“Mom, What Can I Do?”

My five-year-old has a habit, lately, of laying on me and asking, “What can I dooooooo?”


The boy can self-play. He can group-play. He can understand complex games and is beginning to read. But I hadn’t realized, in my ignorance, that he’s developing normal childhood things like attachments, fears, and desires for acceptance. Besides those, he is the youngest child and normally has three other miniature people to play with.

When he’s stuck at home with just me, then, his options are limited to what I’ve planned. And that’s usually Wal-mart.


Or dishes, laundry, bathrooms, floors, yard work….


Perhaps due to my usual daily activities, The Bored One is an excellent worker. He comes along to the store, enjoys helping with dishes or toilets, and likes showing me how strong he is pushing his little wheelbarrow outside.

When I’m just sitting with my laptop, though, he does not know what to do. He can’t help with Mom saying, “I need to focus for 30 minutes.” Even if I hand him a coloring or activity book or an entire marble works set, he wants my attention -the very attention I wanted for writing.

So… this is the point at which I remember my priorities.


I set the laptop aside and play a game with him. We build a tower for the marbles. Together, we draw or paint or color.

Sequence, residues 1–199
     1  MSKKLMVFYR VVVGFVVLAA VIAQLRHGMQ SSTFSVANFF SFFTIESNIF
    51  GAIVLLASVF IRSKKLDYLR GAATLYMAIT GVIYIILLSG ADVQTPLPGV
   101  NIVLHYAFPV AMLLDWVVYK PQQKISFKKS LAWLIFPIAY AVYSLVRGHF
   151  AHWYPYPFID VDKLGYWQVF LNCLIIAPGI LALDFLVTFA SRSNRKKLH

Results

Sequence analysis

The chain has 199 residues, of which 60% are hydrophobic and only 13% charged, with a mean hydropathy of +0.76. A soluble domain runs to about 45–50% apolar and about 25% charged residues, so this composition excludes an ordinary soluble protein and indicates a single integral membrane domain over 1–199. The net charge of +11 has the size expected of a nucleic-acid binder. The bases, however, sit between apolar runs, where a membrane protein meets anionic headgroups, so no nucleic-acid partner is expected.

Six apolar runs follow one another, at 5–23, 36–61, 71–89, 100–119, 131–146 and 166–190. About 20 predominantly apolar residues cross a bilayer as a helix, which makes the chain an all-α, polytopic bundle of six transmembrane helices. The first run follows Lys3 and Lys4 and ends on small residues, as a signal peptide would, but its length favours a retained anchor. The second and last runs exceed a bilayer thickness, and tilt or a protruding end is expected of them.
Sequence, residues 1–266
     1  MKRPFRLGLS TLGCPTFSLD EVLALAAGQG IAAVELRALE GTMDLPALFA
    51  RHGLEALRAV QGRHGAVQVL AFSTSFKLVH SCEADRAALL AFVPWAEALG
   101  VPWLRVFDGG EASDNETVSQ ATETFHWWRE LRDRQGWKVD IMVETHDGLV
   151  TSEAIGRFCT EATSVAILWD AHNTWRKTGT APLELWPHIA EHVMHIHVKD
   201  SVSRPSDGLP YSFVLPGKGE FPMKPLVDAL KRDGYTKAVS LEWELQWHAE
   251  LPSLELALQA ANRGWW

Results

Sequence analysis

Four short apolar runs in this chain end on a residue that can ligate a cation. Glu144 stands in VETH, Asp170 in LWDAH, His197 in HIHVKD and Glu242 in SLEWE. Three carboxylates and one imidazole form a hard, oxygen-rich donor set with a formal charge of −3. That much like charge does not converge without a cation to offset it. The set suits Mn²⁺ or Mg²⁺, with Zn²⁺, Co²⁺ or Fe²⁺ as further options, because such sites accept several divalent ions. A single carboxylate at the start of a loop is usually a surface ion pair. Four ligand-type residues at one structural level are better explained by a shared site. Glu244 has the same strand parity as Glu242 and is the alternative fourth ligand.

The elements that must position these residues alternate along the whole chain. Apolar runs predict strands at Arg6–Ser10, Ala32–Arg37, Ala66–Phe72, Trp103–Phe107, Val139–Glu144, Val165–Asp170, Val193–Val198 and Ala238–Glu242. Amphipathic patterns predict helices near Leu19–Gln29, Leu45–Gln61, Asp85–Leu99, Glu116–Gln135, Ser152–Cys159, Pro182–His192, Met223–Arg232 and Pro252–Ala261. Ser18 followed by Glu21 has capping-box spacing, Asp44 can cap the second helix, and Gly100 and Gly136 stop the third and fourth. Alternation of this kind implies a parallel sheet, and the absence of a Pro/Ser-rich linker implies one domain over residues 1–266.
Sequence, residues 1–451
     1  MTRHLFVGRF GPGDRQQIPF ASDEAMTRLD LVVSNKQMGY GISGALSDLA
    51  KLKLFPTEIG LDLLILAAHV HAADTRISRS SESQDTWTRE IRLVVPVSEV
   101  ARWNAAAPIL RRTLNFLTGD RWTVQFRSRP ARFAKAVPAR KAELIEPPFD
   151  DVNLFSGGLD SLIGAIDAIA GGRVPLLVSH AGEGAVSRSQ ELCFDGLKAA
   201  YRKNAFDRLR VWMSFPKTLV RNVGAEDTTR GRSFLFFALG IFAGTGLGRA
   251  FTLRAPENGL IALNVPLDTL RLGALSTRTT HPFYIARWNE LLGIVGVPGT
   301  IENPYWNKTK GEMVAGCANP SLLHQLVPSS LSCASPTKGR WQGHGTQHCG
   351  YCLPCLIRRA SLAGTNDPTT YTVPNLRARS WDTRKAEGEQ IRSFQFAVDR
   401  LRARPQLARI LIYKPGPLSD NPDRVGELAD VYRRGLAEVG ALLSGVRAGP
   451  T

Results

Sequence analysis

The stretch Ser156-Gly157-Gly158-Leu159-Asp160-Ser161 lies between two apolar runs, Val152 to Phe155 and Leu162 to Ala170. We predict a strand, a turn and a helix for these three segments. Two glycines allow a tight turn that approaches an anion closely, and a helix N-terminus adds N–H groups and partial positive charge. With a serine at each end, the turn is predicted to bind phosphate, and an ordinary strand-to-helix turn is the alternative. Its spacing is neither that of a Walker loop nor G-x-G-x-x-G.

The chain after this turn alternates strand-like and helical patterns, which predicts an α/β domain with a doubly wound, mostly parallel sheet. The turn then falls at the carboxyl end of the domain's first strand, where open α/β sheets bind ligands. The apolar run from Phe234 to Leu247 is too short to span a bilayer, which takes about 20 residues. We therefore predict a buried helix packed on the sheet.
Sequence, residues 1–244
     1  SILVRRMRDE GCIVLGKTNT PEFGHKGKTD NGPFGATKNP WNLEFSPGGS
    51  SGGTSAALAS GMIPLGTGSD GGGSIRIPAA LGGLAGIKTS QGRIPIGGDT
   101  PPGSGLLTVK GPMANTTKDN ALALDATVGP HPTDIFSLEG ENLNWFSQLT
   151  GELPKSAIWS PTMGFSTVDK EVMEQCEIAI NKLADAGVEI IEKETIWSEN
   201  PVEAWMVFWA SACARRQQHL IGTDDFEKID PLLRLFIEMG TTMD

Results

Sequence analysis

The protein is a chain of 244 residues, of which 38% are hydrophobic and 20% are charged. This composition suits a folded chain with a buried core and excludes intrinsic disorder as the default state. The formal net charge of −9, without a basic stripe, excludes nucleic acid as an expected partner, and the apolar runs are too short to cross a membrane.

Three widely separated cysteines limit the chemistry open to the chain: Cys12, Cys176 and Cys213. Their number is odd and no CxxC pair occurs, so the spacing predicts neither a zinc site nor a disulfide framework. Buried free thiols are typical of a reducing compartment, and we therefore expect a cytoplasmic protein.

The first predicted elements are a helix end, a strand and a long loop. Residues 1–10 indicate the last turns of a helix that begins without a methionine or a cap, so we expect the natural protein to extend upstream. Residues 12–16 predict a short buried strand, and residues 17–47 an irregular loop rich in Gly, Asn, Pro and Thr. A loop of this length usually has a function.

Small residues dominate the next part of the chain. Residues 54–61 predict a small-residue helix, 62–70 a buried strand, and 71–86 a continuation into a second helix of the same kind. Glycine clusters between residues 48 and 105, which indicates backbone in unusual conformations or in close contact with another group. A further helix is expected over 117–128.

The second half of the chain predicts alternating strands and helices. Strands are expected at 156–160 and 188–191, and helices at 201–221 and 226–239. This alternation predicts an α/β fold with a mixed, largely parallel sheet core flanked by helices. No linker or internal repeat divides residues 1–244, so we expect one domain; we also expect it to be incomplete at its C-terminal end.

I know that some parents need to work from home. Some can’t afford day care. I also know that the work can get done and there is still time for a game. It’s what’s most important, right?


Photo Credit:
Magdalena Smolnicka
Image by Aline Ponce from Pixabay
Paige Cody

Food Tip 4

Kids can be picky eaters. I’m lucky in that I didn’t really get a picky eater till my third one. Whether kids like the meal you’ve made or not, however, presentation is usually key.

My food advice today is:

Make the food appear more interesting.

A few ways to do this include:

  1. Cutting it into cool shapes, especially their favorite ones.
  2. Allowing them to choose toppings or arrangements. This works well for meals like tacos or potato bar.
  3. Serving it as a sandwich mouth (with olive or grape eyes) or an octopus veggie tray.
  4. Hiding veggies in tiny diced form in their mashed potatoes or sandwich.
  5. Having the food talk to them about how much it wants to swim in their tummy.

I’m also a big fan of telling them they need to try just a taste of what I make. It doesn’t always work, especially with sensory issues, but it’s a good standard when you can have it.

Plus, there’s always bribery (dessert).


Photo Credit:
Image by Ana_J from Pixabay